Tag Archives: testing

Property based testing in dotnet with FsCheck

In a previous prost, I explained property based testing. In this post we’ll see a simple example in dotnet with Fscheck

Lets assume we built code to transfer money from account A to account B. Some properties that comes to mind are:

  1. Successful transfer changes account balances.
  2. Successful transfer leaves source balance as non-negative.
  3. Failed transfer do not change account balances.

Our first implementation looks like this (don’t judge! … its supposed to be buggy)

class BuggyBank
{
    public int BalanceOfAccountA {get; set;} 
    public int BalanceOfAccountB {get; set;}
    
    public void TranserToAccountB(int Amount) 
    {
        BalanceOfAccountA -= Amount;
        BalanceOfAccountB += Amount;
    }
}

First we setup an empty dotnet unit test project like this:

mkdir FsCheckExample
cd FsCheckExample
dotnet new mstest
dotnet add package FsCheck --version 3.0.0-beta2

Then we add one test to validate all properties like this. Its vital to use QuickCheckThrowOnFailure() instead of QuickCheck() otherwise the test runner never reports failures.

    [TestMethod]
    public void MultiplePropertiesInOneTest()
    {
        Prop.ForAll<int, int, int>((StartBalanceForA, StartBalanceForB, AmountToTransfer) => {
            BuggyBank T = new()
            {
                BalanceOfAccountA = StartBalanceForA,
                BalanceOfAccountB = StartBalanceForB
            };
            try 
            {
                T.TranserToAccountB(AmountToTransfer);
            } 
            catch 
            {
                //The transfer failed
                bool BalancesUnchanged = (T.BalanceOfAccountA == StartBalanceForA && T.BalanceOfAccountB == StartBalanceForB);
                return BalancesUnchanged.Label("Failed transfer do not changes account balances.");
            }

            //Transfer succeeded
            bool BalancesChanged = T.BalanceOfAccountA != StartBalanceForA && T.BalanceOfAccountB != StartBalanceForB;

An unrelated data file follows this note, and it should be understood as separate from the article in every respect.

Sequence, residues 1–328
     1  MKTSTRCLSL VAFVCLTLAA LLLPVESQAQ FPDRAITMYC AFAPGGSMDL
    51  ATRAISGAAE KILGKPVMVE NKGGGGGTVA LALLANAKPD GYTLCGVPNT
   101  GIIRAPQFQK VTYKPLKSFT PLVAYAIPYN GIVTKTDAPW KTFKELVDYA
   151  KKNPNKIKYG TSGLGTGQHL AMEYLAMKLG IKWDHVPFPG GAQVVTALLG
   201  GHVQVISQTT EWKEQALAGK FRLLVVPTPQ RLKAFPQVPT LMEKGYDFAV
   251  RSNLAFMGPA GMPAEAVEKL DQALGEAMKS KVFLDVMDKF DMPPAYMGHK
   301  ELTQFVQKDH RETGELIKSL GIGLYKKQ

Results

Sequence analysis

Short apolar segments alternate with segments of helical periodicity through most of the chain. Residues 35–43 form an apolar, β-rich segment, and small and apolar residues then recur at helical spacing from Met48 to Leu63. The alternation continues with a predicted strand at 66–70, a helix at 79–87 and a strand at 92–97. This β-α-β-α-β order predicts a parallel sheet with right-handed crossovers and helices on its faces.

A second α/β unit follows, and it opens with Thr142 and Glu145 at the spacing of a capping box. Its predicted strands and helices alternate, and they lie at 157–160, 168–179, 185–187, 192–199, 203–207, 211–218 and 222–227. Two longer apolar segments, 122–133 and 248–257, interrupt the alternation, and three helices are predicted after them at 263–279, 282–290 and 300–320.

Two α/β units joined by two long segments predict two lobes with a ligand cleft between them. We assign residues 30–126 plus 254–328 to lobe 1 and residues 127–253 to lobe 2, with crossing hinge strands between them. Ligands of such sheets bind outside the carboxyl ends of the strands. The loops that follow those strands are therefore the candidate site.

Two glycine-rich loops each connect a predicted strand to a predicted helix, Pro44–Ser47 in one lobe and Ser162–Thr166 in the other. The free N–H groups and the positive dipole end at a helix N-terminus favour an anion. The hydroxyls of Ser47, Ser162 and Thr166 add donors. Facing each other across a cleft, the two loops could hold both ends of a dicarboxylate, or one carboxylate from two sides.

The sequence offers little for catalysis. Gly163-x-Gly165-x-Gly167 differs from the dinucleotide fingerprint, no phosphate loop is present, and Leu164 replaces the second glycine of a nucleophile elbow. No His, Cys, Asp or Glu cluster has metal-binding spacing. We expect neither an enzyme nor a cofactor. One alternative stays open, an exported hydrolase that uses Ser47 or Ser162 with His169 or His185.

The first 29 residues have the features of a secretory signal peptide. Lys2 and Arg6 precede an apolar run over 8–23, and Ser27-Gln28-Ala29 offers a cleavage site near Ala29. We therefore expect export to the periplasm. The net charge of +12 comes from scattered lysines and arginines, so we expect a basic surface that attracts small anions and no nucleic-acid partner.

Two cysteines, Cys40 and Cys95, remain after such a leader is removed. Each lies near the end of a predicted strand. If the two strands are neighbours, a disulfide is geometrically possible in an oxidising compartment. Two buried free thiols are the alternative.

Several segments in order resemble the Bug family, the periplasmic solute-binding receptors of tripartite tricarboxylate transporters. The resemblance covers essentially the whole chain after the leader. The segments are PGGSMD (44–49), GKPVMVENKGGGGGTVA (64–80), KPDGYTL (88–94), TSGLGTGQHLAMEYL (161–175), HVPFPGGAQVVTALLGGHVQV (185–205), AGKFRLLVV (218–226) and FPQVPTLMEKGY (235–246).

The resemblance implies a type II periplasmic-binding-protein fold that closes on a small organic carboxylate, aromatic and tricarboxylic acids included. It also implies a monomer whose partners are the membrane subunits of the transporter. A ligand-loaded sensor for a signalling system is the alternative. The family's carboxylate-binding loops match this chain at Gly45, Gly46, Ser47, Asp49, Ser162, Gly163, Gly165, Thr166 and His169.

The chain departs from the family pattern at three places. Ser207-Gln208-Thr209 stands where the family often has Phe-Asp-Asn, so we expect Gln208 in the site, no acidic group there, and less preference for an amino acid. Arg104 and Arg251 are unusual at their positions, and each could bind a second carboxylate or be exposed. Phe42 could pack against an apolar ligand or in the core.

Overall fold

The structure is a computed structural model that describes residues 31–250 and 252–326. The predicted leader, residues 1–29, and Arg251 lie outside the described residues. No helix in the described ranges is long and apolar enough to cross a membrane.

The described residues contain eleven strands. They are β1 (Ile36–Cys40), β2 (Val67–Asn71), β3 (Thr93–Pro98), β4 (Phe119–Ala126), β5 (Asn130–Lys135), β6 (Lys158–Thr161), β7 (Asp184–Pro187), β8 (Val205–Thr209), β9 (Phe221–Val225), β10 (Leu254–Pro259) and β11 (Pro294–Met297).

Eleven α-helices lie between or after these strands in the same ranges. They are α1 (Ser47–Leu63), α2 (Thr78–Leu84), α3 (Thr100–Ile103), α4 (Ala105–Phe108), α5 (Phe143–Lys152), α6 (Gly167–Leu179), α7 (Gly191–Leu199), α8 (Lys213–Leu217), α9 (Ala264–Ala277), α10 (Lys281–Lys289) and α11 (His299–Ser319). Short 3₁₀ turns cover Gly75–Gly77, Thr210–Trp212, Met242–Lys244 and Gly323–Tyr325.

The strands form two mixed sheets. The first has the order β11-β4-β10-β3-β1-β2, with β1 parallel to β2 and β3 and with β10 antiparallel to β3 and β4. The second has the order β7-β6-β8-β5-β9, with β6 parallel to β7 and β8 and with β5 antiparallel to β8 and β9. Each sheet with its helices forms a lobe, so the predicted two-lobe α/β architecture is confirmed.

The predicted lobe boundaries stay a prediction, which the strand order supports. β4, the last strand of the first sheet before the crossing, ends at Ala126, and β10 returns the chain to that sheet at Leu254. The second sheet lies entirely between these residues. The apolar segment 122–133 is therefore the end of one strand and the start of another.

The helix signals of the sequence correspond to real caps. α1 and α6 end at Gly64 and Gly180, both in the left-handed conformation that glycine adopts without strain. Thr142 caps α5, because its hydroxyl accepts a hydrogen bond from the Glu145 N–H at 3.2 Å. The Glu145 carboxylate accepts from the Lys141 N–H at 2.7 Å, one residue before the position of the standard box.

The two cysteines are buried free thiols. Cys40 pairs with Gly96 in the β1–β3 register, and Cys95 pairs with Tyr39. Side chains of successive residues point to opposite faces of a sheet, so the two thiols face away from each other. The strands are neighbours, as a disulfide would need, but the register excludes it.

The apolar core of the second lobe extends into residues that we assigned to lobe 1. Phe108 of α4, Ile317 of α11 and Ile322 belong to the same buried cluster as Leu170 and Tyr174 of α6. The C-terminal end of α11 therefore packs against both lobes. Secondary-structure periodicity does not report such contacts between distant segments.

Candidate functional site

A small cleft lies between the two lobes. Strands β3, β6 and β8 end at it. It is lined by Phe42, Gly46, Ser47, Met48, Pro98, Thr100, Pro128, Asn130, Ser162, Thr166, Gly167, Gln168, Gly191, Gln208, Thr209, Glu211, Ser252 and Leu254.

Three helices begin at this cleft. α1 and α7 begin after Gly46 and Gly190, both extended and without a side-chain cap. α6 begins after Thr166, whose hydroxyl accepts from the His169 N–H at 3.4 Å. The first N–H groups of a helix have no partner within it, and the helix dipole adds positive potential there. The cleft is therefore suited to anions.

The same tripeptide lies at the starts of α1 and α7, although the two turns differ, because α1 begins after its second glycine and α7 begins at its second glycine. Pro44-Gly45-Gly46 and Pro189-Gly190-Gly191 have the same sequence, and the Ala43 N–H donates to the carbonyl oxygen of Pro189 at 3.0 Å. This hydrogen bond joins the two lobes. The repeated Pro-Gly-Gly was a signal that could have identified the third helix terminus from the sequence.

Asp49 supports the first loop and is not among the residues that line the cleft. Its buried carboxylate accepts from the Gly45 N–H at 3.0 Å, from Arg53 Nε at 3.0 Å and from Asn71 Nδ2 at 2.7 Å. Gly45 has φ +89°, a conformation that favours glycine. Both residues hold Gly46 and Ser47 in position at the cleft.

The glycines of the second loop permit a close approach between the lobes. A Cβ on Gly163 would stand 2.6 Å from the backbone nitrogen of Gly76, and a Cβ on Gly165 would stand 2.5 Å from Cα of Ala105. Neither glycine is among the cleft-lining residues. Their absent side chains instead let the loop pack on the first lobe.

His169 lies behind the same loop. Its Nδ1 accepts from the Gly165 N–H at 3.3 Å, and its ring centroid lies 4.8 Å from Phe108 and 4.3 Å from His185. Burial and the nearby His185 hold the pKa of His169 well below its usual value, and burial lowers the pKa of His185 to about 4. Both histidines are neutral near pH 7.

bool NonNegativeBalanceOfA = T.BalanceOfAccountA >= 0;
            return
                NonNegativeBalanceOfA.Label("Successful transfer leaves source balance as non-negative")
                .And(BalancesChanged).Label("Successful transfer change account balances.")
            ;
            
        }).QuickCheckThrowOnFailure();
    }

When we run this test, FsCheck discovers the code allows transfers of 0 which violate the property that balances must change after successful transfer.

  Failed MultiplePropertiesInOneTest [674 ms]
  Error Message:
   Test method FsCheckExample.FsCheckExample.MultiplePropertiesInOneTest threw exception: 
System.Exception: Falsifiable, after 1 test (0 shrinks) (10302727913982160643,12688396740290863899)
Last step was invoked with size of 2 and seed of (10747404355721025928,11972757671557555113):
Label of failing property: Successful transfer change account balances.
Original:
(0, 0, 0)
with exception:
System.Exception: Expected true, got false.

After fixing that bug, FsCheck finds yet another bug! Transfers succeed even when the source account’s balance is insufficient:

  Failed MultiplePropertiesInOneTest [444 ms]
  Error Message:
   Test method FsCheckExample.FsCheckExample.MultiplePropertiesInOneTest threw exception:
System.Exception: Falsifiable, after 8 tests (4 shrinks) (16420426895032412258,4100991820053463935)
Last step was invoked with size of 9 and seed of (13117456436209885594,15897597155289983093):
Labels of failing property (one or more is failing):
Successful transfer change account balances.
Successful transfer leaves source balance as non-negative
Original:
(-2, -2, 2)
Shrunk:
(0, 0, 1)
with exception:
System.Exception: Expected true, got false.